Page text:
Last week in the European Parliament, Labour MEPs strongly criticised new proposals for what is called economic governance; rules designed to deal with the present economic crisis, by improving coordination of economic and fiscal policy, particularly in the Eurozone.
Not the kind of stuff to get the pulses racing, I agree. But I’m more concerned about getting Europe’s pulse, if not racing, then at least beating a little more strongly.
There is no doubt we need a new approach, unfortunately the new “austerity” rules will not do the job.
Proposed by an over-cautious European Commission, and supported by governments dominated by conservatives, and the right wing in the European Parliament, the plans are based on short-term thinking, with an emphasis on severely cutting deficits, without building in long term growth. They are the “austerity” answer, and will be imposed across the EU, removing the flexibility for national governments to respond with different policies in the future.
That is why Labour and other progressive forces are arguing for something different.
Quite simply, you can't cut a country's debt without making sure that policies are in place to make sure its economy is growing at the same time. In fact, sustainable long-term growth can actually keep national debts falling as a proportion of GDP, as well as being essential to providing jobs and economic well-being, while maintaining high quality public services.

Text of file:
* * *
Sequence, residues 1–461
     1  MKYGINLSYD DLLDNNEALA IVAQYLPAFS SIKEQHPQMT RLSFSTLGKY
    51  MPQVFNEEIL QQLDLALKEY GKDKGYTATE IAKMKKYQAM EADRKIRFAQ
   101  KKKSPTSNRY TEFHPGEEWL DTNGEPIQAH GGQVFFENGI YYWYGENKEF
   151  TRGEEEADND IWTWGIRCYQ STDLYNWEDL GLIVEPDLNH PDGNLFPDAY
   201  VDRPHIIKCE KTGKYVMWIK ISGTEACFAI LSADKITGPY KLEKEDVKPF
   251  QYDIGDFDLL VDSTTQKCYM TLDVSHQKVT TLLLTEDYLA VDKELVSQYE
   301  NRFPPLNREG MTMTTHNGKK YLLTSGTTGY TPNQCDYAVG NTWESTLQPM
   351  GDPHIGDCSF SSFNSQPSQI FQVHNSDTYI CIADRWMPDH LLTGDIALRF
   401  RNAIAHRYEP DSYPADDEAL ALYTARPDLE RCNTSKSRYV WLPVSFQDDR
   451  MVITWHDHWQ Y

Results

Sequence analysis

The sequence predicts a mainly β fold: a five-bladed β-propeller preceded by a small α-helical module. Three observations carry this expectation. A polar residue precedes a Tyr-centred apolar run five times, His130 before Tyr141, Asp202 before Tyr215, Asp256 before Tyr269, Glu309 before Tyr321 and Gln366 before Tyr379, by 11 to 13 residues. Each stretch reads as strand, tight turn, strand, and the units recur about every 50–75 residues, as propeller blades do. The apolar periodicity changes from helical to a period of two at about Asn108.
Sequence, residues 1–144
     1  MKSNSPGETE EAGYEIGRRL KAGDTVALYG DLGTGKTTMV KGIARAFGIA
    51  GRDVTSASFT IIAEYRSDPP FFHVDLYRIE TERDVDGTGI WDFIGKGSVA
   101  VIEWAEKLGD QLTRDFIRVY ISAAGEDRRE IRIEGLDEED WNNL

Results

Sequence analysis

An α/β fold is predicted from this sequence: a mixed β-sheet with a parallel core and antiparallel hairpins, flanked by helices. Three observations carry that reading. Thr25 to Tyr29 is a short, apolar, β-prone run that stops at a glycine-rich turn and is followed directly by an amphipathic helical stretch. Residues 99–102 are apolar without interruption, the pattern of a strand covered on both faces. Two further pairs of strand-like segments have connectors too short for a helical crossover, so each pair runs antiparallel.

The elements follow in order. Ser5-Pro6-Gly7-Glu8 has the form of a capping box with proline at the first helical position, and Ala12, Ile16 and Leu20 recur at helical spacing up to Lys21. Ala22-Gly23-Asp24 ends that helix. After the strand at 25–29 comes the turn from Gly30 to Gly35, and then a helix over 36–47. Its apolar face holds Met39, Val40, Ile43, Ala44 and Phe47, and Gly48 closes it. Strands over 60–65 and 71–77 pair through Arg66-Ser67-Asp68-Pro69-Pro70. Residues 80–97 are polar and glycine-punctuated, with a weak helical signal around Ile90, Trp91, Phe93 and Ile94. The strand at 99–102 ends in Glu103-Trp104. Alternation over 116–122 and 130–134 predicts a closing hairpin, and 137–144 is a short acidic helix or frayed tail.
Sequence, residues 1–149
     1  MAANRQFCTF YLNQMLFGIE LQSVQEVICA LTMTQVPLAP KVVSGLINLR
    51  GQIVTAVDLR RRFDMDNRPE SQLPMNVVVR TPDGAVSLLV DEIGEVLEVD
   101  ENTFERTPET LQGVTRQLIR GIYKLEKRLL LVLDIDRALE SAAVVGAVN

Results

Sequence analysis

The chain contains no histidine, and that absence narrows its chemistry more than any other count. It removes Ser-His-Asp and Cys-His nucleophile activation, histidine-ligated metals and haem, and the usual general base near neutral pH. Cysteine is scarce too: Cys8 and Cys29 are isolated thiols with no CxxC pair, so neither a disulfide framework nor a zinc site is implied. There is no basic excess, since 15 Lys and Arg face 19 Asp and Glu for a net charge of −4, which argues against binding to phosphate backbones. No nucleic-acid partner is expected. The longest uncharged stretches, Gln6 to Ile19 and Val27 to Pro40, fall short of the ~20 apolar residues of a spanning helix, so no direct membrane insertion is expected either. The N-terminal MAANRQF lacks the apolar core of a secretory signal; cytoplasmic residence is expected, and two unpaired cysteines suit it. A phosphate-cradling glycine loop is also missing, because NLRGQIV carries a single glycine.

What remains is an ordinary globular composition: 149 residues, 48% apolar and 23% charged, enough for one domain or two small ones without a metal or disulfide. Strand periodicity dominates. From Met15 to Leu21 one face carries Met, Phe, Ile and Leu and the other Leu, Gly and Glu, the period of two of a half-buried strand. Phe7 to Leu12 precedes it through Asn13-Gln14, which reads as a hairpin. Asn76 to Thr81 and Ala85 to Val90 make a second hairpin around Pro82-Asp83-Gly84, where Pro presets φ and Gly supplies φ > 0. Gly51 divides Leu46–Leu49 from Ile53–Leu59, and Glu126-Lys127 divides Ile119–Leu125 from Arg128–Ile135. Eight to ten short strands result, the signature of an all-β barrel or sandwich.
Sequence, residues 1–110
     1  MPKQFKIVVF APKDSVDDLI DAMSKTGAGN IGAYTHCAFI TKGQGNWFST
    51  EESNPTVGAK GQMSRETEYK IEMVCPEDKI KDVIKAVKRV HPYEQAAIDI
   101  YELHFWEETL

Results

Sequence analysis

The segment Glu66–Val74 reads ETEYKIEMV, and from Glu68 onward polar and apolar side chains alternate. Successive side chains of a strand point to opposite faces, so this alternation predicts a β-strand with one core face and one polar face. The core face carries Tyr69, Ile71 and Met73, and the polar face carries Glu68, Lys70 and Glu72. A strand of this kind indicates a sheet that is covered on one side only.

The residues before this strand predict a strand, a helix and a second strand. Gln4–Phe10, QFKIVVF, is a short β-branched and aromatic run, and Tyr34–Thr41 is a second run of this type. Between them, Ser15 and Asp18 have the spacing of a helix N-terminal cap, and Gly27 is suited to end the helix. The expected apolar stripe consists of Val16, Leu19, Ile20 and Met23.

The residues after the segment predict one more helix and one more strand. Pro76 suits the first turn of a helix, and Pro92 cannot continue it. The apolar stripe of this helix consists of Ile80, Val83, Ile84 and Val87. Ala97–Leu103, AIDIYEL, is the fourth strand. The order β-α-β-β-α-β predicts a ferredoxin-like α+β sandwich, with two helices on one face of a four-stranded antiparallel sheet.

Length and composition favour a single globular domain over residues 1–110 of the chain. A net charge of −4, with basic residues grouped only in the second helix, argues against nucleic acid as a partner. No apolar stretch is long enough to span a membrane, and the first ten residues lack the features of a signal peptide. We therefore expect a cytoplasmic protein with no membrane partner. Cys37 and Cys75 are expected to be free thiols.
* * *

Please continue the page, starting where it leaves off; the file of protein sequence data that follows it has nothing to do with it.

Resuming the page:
Already we can see that countries following such reckless austerity policies show some of the lowest growth figures. The UK is doing this as government policy, while countries such as Greece, Ireland and Portugal are forced to follow such programmes as a result of conditions imposed on them from outside. An effective economic package should support rather than undermine growth.
Specifically, investment spending should be treated separately from normal government spending in any rules establishing the level of a country’s debt. Putting money into areas like scientific research, essential infrastructure and the new green economy is essential if we are to get our economies moving again. We should not have to cut these back to meet short term targets. Indeed, cutting such spending in times of recession would actually worsen economic performance.
And the proposed new rules must be fair. It is a cruel joke to say, along David Cameron lines, that we are all in this together, when palpably some of us are “in it” more than others! The austerity measures are already hurting low and middle income people the most and it seems unlikely that any new measures will be any better. Meanwhile, the financial sector, the guilty party in this economic catastrophe, is already back to making huge profits, having been bailed out by the taxpayers of Europe.
In short, if we’re going to have new rules limiting spending, we also need new rules on fairer taxes, such as the bank bonus tax applied by the Labour government in 2010. And other innovative measures, already agreed by the European Parliament, including a financial transaction tax, will need to be developed, if there is to be a solid and sustainable recovery.
Last week, the final votes on the various Reports dealing with these matters were postponed. But we on the progressive left are very clear. We need more effective and more equitable ways of organising our economies and the campaign to achieve these must go on.